Why online classes won’t replace the classroom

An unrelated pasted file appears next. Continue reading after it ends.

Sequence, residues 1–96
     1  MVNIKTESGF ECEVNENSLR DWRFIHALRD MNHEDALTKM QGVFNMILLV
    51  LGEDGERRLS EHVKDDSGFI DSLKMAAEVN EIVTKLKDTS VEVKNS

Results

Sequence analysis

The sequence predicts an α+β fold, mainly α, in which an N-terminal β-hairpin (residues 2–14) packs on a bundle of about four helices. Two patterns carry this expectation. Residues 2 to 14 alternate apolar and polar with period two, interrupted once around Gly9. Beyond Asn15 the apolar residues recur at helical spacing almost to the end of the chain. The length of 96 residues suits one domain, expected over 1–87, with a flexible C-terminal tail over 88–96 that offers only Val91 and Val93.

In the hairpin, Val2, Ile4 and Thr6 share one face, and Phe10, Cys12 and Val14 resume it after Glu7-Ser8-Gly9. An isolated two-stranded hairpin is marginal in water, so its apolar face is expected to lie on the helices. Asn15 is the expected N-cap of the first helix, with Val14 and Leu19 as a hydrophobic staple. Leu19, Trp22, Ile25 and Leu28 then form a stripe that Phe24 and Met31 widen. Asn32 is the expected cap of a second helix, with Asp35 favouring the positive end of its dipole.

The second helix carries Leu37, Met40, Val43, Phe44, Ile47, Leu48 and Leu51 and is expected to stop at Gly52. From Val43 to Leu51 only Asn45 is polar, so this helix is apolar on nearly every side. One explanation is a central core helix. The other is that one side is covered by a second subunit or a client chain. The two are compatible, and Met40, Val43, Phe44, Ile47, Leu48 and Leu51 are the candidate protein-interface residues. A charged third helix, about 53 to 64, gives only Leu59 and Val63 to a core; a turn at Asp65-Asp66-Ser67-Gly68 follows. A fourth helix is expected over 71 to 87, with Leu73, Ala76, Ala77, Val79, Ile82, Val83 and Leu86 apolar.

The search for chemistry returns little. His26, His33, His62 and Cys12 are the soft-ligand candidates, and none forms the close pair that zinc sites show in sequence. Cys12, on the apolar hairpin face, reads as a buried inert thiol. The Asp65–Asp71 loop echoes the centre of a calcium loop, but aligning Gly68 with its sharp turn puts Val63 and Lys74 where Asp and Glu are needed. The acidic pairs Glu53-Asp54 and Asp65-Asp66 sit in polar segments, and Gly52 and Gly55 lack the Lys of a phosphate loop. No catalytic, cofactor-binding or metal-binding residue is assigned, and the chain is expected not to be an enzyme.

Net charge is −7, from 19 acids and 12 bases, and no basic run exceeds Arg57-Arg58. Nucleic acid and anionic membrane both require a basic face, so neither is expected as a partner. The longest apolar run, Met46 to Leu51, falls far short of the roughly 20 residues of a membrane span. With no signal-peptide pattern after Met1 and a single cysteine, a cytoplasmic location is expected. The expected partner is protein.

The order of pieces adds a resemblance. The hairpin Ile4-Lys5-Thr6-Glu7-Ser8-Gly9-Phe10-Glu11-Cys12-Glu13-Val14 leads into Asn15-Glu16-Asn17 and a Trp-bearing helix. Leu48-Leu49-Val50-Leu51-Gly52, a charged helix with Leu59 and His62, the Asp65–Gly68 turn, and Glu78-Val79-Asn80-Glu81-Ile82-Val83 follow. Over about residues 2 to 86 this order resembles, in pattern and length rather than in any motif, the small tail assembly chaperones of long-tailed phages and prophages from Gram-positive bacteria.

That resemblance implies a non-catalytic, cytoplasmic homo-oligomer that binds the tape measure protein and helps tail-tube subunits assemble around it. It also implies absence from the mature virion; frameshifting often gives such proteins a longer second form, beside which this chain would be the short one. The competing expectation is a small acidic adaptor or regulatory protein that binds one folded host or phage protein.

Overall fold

When Stanford president John Hennessey told the New Yorker in April 2012, “There’s a tsunami coming,” he wasn’t forecasting the next undersea earthquake, The Fiscal Times reports. Rather, he predicted a seismic collision between academia’s cost and availability. After David Brooks borrowed the metaphor for a New York Times op-ed, “tsunami” became synonymous with the rise of the MOOC (massive open online courses). These massive open online courses gained celebrity as hundreds of thousands of students joined and credibility as dozens of big name schools agreed to offer online adaptations of their classes free, though without credit. So last fall, when Colorado State University’s Global Campus became the first American university to announce plans to grant credit for MOOCs, the earthquake threatened to rumble and the tsunami looked set to roll. Students could take an introductory computer programming course hosted by the MOOC platform Udacity and pay for a proctored exam at one of Pearson VUE’s testing centers.

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